You might have spotted that mole on your dog’s eyelid, but you probably don’t know when it formed in the first place. Bumps on your dog’s eyelid might be a trivial matter to look at, but they are located in a highly sensitive position of your pet.
The eye is a sensitive instrument, and any bumps that pop right inside it can pose a potential threat. In this post, we will be talking about the three general causes behind those bumps on your dog’s eyelid and potential solutions that might counter them.
Causes Behind Eyelid Bumps
Make sure to read through the description under each cause and use your logic to determine which one was the culprit behind all this. If you still can’t figure it out, make sure to contact your vet for further inspection.
1. Eyelid Warts
This cause is probably the least threatening cause on our list since warts tend to form near the eyes of old dogs. This doesn’t mean that you should dismiss the eye warts as nothing since they can still pose a threat to your canine companion.
If that bump has formed near the inner lining of the eye, that bump can cause severe irritation as it brushed the eye itself as your dog tries to close and open his eyes. If that is the case, surgical removal is recommended to remove that wart in the eyelid.
Solutions to Eyelid Warts
If you have already checked that bump on your dog’s eyelid and confirmed that it was benign (not cancerous), make sure that it is located in a spot that doesn’t cause any hindrance to your dog’s daily life.
For this cause, I really don’t have any products that I would like to recommend since the warts are located in a sensitive position. Talk over with your vet since the eye is a hard organ to replace if you manage to damage it.
2. Clogged Glands (Stye)
Similar to stye in humans, your dog might have clogged oil glands or infected follicles that might look like bumps on your dog’s eyelid. Common symptoms of clogged glands are inflammation, swelling, and pain to the touch.
You probably can figure this one by yourself since you can just lightly tap that spot with your fingers, and if your dog tries to shy away from your touch, then that would be evidence enough. However, consider our last cause before being too sure.
Solutions to Stye
For the majority of cases, dog owners can use a soft facecloth and bathe it in warm water. After soaking it in warm water, soak that infected spot for several minutes three times a day. If you can’t do it three times, make it two long ones!
In severe cases, the clogged glands might get worse and even bigger in size. If that is the case, lancing and surgical removal need to take place in order to take care of this problem in the eye.
3. Malignant Tumors
Last but not least, that bump on your dog’s eyelid might be a cancerous tumor. Unlike warts in our first section, the malignant tumors are somewhat of a big problem since they will spread to other parts of your dog’s body.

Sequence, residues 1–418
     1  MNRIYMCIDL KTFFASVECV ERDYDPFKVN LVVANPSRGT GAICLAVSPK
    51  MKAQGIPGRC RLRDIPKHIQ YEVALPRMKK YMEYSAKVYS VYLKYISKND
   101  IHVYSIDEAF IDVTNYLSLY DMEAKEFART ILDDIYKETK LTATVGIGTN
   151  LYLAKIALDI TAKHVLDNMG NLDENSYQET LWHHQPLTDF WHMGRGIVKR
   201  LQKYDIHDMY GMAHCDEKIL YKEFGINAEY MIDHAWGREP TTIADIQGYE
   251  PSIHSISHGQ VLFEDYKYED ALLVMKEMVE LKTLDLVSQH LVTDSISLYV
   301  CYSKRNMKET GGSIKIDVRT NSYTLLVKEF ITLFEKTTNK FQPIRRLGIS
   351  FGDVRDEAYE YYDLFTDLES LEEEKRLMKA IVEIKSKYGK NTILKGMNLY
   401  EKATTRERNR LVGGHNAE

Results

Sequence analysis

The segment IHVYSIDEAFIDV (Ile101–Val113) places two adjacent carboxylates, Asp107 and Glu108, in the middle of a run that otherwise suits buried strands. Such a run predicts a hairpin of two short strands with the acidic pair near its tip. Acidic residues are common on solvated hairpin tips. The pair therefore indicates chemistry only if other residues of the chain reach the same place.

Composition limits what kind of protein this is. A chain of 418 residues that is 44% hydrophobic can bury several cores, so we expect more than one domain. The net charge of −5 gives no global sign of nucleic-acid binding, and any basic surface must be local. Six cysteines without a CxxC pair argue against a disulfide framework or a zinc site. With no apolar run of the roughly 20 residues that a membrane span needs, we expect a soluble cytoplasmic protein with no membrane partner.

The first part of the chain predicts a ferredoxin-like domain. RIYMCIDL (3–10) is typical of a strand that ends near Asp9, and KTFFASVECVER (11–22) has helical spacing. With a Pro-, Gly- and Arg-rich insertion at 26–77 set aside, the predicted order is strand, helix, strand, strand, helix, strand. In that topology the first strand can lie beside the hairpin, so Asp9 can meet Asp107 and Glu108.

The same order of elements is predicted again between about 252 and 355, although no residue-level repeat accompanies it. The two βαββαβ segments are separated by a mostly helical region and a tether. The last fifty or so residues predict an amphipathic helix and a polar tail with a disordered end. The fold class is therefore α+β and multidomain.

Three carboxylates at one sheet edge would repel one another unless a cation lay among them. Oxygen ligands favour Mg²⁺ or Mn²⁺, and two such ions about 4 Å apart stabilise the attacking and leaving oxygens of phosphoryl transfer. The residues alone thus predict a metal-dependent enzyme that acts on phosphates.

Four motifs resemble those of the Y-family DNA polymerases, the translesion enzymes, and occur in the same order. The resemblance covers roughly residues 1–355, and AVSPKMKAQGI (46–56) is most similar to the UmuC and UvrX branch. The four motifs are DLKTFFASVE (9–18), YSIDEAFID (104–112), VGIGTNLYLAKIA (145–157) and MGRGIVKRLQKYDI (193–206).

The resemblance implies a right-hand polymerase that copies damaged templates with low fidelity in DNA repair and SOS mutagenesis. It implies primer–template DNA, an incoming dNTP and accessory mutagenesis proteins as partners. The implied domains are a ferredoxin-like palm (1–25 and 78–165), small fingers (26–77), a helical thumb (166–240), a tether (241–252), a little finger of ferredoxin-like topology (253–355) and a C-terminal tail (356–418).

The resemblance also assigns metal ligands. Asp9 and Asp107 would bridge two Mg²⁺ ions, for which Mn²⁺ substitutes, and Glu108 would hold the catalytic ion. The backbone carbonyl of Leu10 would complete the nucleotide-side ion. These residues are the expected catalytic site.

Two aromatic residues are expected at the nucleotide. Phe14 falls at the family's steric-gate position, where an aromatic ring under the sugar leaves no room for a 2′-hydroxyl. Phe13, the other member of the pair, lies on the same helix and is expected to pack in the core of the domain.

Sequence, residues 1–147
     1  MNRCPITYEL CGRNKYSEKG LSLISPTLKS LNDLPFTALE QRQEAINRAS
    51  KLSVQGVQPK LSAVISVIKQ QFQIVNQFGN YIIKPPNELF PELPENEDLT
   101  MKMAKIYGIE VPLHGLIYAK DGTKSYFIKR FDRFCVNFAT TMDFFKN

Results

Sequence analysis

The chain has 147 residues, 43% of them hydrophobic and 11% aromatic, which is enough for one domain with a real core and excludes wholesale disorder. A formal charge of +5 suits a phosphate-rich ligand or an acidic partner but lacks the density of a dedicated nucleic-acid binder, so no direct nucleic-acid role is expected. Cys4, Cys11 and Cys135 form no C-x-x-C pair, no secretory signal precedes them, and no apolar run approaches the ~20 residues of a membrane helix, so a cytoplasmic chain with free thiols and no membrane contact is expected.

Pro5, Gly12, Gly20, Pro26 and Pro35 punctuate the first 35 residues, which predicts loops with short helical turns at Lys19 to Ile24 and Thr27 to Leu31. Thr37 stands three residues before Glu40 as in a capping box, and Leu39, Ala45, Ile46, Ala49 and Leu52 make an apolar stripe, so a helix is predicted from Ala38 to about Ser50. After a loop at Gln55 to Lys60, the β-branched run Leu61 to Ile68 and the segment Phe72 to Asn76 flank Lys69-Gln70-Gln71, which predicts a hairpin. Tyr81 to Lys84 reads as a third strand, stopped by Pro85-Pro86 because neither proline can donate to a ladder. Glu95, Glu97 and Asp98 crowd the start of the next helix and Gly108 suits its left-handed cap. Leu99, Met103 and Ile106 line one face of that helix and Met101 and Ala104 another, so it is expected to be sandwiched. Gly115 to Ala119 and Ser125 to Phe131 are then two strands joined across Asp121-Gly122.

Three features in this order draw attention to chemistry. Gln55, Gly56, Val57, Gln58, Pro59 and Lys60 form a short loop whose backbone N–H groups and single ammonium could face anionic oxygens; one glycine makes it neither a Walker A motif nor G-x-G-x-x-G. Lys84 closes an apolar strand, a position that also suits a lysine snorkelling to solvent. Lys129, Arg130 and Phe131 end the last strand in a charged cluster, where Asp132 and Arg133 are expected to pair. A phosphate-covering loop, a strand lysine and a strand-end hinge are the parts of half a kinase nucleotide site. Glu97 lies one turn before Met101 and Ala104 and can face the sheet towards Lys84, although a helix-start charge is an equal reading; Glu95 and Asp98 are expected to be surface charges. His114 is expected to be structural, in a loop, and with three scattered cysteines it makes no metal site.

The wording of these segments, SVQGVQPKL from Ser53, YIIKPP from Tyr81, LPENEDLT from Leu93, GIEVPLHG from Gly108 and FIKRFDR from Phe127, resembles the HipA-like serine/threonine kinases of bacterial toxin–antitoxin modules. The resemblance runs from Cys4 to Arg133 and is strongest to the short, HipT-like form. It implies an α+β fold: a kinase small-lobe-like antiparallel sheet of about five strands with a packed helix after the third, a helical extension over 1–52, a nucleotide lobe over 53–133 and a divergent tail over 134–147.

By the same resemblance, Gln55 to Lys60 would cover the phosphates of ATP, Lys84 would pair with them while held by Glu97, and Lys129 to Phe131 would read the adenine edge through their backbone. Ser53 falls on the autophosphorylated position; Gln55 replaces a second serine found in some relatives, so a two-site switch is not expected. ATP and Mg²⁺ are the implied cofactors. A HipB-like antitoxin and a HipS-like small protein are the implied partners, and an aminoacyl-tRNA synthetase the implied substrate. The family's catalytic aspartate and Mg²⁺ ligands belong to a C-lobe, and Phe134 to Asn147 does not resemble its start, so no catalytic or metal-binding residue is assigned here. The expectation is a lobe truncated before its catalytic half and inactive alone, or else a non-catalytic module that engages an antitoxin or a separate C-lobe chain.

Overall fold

This is one of the reasons why you need to get that bump on your dog’s eye checked by a veterinarian since you don’t really know that this small dot is a malign tumor unless checked by a professional eye.
Solutions to Tumors
A solution to cancerous tumors is pretty simple since you need to go to your vet and get it checked. If it is cancerous, the vet will give you several options, and they are surgical removal, chemotherapy, or deep freezing method.
Make sure to get an overall physical examination to see if cancer hasn’t spread to other parts of his body. Also, don’t forget to check on that eyelid to see if that bump is growing or not!
How Do I Treat the Bump on My Dog’s Eyelid?
The best way to treat the bump on your dog’s eyelid is by visiting your vet. To our unaided eye, it’s pretty hard to see the culprit behind that bump since your dog will shy away from your touch in the eye.
If that bump wasn’t there before and it just happens to form, make sure to take your dog to the veterinarian for further checkup. If it is nothing, then your pet is fine, but if it is something, you don’t want to keep your dog waiting!
Are There Any Homemade Remedies to Treat This Problem?
For warts and clogged glands, you can use warm water with tea and probably with aloe vera to lower the inflammation. For malignant tumors, there are no homemade remedies for this treatment since surgical removal might be your best option here.
Conclusion: Small Changes Matter!
That bump on your dog’s eyelid might be a small thing to worry about, but if you don’t get even the smallest part checked, you might be facing one big problem down the road. Keep up the good work and even notice the smallest changes in your dog.
In order to do just that, you need to spend time with your pet and see how they are functioning each and every day to notice small changes like these. As always, thank you for listening, and come back to our homepage for regular updates!